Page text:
Listening to classical music

It is generally accepted that classical music has many positive effects on our brains, sometimes known as “the Mozart effect”. Listening to classical music is proven to boost memory function, sparks creativity, improves productivity and generally makes us feel happier and more relaxed. It can even improve the quality of our (much needed) sleep and help to ease symptoms of depression and melancholy. So why not to turn your phone off, take a deep breath and meditate while listening to classical music after a long working day or just before going to sleep? In our busy and over-connected world it is important to have some time for yourself, to slow things down and classical music is a perfect source of relaxation.

Learning an instrument

From recent research, musical instrument training can have a surprising effect on the structure of our brain. This concerns not only children but also adults and the elderly. Learning an instrument increases the capacity of our memory, enhances spatial reasoning and improves literacy skills. Moreover, musical training requires us to concentrate on one task at once. Concentrating on one task can help us to stay productive; not only while learning an instrument, but one can apply this knowledge to many other crucial tasks.

Attending classical music concerts

Listening to classical music encourages us to think deeply, connect better to ourselves and also connect to the people around us. Going to venues also means connecting to real people, talking to them, and socialising in real life. Sometimes we all need to take a step back from technology now and again. Attending classical music venues reminds us of being fully present in the world. Moreover, classical music concerts are beautiful, not only aurally, but also visually.

Considering all the benefits of classical music, we can utilise it to make our digital detox easier and our life more mindful and deliberate. Likewise, classical music helps us relax and put ourselves in a better mood. So, let’s switch off our mobile phones from time to time and allow us to be unavailable. Or, to put it in in the words of Chris Baréz-Brown: “Get lost in music with others and you might just find yourself.”

(Written on November 29, 2017 )

The Guardian

UK entertainment spending rises with surge in film and music streaming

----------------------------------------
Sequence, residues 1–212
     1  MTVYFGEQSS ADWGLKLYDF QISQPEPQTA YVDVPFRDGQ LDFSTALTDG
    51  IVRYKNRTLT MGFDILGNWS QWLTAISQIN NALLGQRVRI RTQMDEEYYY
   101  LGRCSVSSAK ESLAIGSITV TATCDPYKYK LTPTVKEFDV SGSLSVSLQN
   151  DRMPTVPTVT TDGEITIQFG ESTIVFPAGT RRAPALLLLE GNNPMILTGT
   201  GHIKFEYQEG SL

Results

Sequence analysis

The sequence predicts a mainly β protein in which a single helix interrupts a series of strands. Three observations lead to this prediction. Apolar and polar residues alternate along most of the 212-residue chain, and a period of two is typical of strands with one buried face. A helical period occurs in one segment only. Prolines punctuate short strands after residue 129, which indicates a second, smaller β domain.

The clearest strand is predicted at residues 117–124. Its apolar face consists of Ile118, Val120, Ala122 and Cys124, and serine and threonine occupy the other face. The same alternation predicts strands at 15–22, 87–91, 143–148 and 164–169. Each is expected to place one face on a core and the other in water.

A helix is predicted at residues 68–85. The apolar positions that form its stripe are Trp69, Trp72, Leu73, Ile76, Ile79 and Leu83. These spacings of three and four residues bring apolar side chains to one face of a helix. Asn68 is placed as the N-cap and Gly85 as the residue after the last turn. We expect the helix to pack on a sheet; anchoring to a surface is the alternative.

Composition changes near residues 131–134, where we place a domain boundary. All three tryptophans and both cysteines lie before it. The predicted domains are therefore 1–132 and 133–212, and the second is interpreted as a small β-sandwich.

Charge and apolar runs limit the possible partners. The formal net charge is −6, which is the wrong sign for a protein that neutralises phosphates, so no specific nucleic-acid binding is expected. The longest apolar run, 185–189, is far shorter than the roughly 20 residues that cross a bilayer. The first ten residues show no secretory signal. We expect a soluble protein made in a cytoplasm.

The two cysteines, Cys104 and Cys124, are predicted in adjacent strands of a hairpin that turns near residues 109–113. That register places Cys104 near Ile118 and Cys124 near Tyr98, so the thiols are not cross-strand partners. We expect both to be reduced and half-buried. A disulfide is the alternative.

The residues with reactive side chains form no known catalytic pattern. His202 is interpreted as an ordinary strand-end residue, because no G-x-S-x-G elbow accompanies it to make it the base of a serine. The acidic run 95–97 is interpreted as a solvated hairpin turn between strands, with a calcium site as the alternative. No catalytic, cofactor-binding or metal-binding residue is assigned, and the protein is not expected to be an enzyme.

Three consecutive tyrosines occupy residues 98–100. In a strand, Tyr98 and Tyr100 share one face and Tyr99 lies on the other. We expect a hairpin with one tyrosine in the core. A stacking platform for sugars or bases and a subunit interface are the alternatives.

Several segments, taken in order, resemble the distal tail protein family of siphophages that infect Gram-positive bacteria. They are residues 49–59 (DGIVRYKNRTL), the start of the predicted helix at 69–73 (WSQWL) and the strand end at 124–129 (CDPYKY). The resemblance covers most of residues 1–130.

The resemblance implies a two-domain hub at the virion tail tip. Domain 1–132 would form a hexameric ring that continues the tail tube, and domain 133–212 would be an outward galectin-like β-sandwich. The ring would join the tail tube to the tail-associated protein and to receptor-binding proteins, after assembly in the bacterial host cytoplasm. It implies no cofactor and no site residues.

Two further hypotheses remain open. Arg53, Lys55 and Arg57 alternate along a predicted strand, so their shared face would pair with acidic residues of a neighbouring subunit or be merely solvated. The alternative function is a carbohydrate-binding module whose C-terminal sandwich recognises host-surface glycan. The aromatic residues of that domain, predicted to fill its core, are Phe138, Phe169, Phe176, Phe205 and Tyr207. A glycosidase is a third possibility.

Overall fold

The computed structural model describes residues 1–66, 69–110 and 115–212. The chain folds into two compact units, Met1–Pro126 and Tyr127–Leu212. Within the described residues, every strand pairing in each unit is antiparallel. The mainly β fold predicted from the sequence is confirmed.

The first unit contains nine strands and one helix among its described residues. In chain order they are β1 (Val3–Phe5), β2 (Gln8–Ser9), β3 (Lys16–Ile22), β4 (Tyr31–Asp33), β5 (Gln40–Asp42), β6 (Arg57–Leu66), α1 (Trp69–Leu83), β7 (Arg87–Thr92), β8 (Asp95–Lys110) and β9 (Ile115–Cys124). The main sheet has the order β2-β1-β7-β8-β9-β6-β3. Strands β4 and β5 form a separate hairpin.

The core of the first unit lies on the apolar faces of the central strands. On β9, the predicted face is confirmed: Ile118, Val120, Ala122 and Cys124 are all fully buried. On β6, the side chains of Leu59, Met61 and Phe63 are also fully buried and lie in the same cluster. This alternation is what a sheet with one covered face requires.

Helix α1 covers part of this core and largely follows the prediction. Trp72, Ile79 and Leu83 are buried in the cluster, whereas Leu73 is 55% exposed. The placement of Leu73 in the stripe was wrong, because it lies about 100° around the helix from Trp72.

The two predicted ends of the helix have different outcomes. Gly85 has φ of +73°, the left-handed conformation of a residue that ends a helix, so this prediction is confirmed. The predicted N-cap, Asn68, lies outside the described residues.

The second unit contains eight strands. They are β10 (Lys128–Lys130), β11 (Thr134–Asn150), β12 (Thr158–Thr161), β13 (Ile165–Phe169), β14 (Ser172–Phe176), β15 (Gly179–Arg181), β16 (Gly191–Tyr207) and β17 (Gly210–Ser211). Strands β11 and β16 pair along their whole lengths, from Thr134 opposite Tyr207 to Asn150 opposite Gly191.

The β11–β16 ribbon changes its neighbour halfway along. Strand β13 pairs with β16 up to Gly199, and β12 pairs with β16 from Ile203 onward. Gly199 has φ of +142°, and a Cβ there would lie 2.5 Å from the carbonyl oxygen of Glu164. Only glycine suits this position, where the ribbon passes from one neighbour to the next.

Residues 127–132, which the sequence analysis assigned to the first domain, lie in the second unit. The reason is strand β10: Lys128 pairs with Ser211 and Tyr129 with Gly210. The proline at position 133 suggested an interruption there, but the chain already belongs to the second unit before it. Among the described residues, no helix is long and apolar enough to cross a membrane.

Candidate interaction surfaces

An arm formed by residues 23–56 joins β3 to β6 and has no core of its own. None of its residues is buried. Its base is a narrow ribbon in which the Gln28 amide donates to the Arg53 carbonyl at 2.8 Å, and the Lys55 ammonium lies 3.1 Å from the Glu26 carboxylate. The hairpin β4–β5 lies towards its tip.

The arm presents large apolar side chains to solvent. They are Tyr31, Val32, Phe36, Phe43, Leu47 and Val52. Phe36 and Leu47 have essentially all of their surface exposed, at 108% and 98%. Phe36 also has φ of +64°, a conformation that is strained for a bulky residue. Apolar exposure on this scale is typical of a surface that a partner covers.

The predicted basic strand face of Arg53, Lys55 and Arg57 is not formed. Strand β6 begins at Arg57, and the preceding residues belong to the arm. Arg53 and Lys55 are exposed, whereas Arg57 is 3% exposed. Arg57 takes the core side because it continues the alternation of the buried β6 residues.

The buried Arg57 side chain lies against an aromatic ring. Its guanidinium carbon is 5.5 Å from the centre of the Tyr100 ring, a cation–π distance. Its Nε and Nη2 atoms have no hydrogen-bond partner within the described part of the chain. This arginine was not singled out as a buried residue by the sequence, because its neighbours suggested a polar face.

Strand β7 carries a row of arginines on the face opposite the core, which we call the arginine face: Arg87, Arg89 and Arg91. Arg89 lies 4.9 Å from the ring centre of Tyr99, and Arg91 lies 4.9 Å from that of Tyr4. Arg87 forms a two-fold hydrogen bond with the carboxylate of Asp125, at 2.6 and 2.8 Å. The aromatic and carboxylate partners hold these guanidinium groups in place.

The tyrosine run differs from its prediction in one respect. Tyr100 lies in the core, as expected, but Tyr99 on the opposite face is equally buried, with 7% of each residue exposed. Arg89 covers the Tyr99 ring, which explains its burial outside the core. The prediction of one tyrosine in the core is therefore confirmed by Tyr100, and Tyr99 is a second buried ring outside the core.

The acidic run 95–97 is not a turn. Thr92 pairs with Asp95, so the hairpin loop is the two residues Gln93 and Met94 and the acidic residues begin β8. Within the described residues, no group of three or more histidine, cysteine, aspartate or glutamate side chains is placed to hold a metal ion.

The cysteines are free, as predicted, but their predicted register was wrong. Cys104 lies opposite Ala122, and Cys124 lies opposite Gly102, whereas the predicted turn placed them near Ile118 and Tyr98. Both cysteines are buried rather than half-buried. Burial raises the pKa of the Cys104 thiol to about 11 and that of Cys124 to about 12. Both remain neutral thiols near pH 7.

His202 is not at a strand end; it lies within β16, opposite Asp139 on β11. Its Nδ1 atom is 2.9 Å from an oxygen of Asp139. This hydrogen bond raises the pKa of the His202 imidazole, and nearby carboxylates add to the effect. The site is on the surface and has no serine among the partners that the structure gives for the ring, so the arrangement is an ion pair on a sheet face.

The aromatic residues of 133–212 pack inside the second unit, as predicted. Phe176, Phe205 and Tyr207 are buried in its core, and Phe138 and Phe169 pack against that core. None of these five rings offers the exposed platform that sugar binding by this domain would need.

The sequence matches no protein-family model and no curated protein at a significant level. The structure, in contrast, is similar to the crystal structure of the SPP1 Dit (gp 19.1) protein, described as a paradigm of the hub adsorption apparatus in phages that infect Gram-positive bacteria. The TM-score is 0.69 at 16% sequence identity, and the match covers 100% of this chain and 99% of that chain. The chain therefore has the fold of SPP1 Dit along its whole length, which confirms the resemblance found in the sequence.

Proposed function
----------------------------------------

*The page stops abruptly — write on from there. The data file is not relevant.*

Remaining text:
Value of film and TV downloads, streams and subscriptions rises to £621m, and number of tracks streamed doubles to 7.4bn

The Telegraph

Valencia sues opera house architect as white elephants rot

Santiago Calatrava is facing legal action from his native city as the dazzling City of Arts and Sciences complex begins to fall apart just eight years after inauguration

New York Daily News

Vivienne Westwood designs punk costumes for Vienna ballerinas

Vienna State Ballet dancers will be decked out in tartan kilts and plaid leg warmers for January’s New Year’s performance, thanks to custom costumes from Vivienne Westwood, best known for her punk-inspired designs. The yearly concert is broadcast in more than 80 countries

Classic FM Online

Simon Rattle and Peter Maxwell Davies lead New Year Honours list

The New Year Honours List has been announced with a number of classical musicians receiving special recognition

Kilar, master of movie music, dies aged 81

The world of film music is mourning the death of Wojciech Kilar – best-known for his score to the Oscar-winning film The Pianist

Reuters

A Minute With: Met Opera chief Peter Gelb on live opera broadcasts

Peter Gelb, general manager of New York’s Metropolitan Opera has proven live-to-cinema doubters wrong with an anticipated 3 million viewers seeing about a dozen Met opera broadcasts this year in cinemas in 64 countries

Frankfurter Allgemeine Zeitung

Die Stimme vom Klassik Radio

Holger Wemhoff ist Chefmoderator bei Klassik Radio, dem erfolgreichsten Privatsender Deutschlands. Die Zauberformel lautet „Entspannung“ – ein Wort, das Wemhoff, wenn er aufhört, nie wieder hören will

The Telegraph

The Telegraph

(Written on January 2, 2014 )